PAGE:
There’s a little piece of plastic sitting idly by on the bathroom counter. The timer on my watch passed three minutes ages ago, but still, I haven’t looked. The stinging pain of the last two negatives is still reeling in my mind, keeping me frozen in place.
Finally, I sense of wisp of courage and grasp on tight. One step, then another. A deep breath. I look down.
There it is, plain as day—my Big. Fat. Plus.
I’m pregnant. Again.
Standing in stunned silence, my cheeks stretched corner to corner, I remember this feeling. I’ve been here once before: four years ago. The jittery excitement laced with nervousness, the overeager desire to shout the news from the rooftops, it’s all the same. But something is different this time, too.
Down the hall I can hear my 3-year-old son playing with his Hot Wheels, their plastic wheels scratching across the beautiful floors I long ago gave up trying to save from him. That’s when it hits me. I hear the words ring clearly in my head.
These are the last nine months I’ll ever get as a mother of one.
It’s a realization that brings both warmth and sadness as I think about all of the things that are about to change.
No longer will there be an empty space in the back seat of my car where I can aimlessly toss my coat, purse, and trash. Pretty soon, when I look in that rearview mirror I’ll be greeted with not one, but two little faces smiling back at me, trusting me to get them safely to our next location.
No longer will I have a free hand ready to unlock the car door as I walk across the parking lot of the grocery store. With one fist clenched tightly around five toddler fingers, another securely holding a baby on my hip, I’ll feel open and vulnerable as I try to keep my children safely by my side.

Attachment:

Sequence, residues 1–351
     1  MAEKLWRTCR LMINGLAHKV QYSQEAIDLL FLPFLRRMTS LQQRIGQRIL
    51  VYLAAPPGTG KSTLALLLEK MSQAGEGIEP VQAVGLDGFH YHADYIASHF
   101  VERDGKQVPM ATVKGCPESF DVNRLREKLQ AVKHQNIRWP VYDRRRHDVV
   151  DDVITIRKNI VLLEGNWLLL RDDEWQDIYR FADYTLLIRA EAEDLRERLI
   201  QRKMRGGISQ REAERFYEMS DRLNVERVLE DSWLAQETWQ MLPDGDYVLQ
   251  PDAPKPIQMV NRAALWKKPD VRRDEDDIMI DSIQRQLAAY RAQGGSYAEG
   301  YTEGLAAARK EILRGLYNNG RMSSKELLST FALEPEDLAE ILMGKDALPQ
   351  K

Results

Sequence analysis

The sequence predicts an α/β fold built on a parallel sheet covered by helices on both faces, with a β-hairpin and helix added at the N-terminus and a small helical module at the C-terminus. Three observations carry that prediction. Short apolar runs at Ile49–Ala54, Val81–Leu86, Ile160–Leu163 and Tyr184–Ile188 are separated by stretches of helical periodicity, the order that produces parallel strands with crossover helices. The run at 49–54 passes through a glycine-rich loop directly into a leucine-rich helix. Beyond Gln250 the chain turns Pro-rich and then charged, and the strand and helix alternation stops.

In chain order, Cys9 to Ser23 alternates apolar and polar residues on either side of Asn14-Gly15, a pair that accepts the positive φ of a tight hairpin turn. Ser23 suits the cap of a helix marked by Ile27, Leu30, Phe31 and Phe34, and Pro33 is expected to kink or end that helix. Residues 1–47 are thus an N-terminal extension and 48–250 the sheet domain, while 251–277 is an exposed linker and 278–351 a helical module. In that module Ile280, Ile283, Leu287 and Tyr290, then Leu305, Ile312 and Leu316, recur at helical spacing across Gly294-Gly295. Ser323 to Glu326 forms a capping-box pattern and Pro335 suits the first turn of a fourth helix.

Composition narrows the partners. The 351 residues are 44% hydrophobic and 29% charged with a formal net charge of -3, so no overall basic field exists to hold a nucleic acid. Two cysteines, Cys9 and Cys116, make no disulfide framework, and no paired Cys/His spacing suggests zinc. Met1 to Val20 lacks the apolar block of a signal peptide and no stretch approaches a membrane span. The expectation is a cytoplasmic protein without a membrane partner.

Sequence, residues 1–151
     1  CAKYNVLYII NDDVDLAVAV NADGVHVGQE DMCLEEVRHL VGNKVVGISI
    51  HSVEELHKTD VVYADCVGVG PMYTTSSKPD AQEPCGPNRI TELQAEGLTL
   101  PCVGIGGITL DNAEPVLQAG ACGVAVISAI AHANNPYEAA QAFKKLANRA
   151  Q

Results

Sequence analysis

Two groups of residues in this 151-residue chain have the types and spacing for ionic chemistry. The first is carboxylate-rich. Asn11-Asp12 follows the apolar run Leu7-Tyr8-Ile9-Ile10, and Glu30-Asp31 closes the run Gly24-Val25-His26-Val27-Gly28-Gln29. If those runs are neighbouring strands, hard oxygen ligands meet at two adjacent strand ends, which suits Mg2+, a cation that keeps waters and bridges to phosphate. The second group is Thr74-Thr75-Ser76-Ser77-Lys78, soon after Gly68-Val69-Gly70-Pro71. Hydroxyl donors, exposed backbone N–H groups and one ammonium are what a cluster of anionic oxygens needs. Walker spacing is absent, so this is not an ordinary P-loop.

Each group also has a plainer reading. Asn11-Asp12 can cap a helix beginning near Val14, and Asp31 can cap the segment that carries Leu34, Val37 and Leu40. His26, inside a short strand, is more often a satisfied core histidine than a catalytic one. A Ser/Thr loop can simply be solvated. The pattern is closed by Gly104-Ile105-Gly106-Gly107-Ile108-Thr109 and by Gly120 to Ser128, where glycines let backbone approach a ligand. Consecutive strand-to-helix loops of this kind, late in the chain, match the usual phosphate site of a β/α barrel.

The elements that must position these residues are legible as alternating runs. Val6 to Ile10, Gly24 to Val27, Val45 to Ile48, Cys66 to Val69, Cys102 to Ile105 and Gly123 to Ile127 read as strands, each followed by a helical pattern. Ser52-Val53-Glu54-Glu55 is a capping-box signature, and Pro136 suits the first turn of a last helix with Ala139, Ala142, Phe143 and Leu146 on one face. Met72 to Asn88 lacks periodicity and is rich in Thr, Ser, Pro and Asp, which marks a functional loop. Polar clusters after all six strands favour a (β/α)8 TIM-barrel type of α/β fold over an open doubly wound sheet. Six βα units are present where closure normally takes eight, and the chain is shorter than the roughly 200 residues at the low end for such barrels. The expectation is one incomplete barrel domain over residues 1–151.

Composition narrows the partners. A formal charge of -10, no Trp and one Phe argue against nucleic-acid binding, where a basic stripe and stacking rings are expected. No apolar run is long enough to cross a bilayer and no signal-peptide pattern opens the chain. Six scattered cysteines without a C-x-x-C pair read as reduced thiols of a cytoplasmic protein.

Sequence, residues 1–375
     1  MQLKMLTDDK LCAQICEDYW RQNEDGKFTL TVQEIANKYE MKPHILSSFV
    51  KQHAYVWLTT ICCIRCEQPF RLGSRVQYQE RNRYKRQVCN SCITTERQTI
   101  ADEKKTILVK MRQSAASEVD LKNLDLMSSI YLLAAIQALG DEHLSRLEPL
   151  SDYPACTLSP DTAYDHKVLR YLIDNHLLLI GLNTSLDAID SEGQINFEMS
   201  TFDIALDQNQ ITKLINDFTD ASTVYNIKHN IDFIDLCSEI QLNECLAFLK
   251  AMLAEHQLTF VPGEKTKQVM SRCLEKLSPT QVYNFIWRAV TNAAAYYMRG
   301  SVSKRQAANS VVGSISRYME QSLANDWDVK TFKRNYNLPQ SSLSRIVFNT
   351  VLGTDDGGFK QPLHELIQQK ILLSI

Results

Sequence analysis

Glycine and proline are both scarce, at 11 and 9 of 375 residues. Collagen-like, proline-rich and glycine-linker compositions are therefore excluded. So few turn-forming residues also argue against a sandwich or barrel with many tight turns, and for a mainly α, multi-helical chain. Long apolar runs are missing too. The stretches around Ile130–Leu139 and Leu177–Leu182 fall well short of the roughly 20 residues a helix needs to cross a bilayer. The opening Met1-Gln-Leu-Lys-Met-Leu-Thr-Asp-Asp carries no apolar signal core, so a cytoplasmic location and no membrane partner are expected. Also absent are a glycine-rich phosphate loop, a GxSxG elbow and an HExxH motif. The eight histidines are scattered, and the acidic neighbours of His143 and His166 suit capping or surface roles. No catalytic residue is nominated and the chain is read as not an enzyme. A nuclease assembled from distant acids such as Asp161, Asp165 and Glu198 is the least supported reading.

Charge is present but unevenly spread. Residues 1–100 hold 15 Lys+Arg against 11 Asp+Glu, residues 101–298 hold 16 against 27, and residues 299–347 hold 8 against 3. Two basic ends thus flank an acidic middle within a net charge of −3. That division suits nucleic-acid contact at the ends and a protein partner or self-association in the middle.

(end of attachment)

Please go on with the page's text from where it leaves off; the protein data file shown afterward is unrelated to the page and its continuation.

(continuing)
No longer will I have an extra room ready for houseguests to drop by at a moment’s notice. Soon, guests will be shirked to the basement office or forced to sleep on the living room sofa.
No longer will my full attention be so easily cast upon one little boy. All of my time, my energy, even my patience will need to be strategically divvied up and spread accordingly.
Yes, my world is about to shift in a very big way. Life will be more chaotic, days will surely be more difficult, and I’m certain my daily coffee intake is going to double. But I’ve been here before. And because of that experience I know that change can be a very good thing.
Because having less space in the backseat of my car means having more space in my heart filled with the love of another child.
Because my hands may be full but my life will be fuller. Full of hugs, full of kisses, full of hysterical belly giggles that never seem to get old.
Because having less space for houseguests means having more space for my family. More space for my children to play together, read together, learn together. More space to make a house truly feel like a home. A safe space. A safety net.
Because dividing my attention means being more attentive. An extra opportunity to look outside of myself and focus on another little person. One who needs me for everything, yet I still need them more.
Yes, these are the last nine months I’ll ever get as a mother of one. I will cherish them, savor them, and, yes, even mourn them while I can. But then I will move on.
Because I know that the rest of my months—however many they may be—will be better than all the others.
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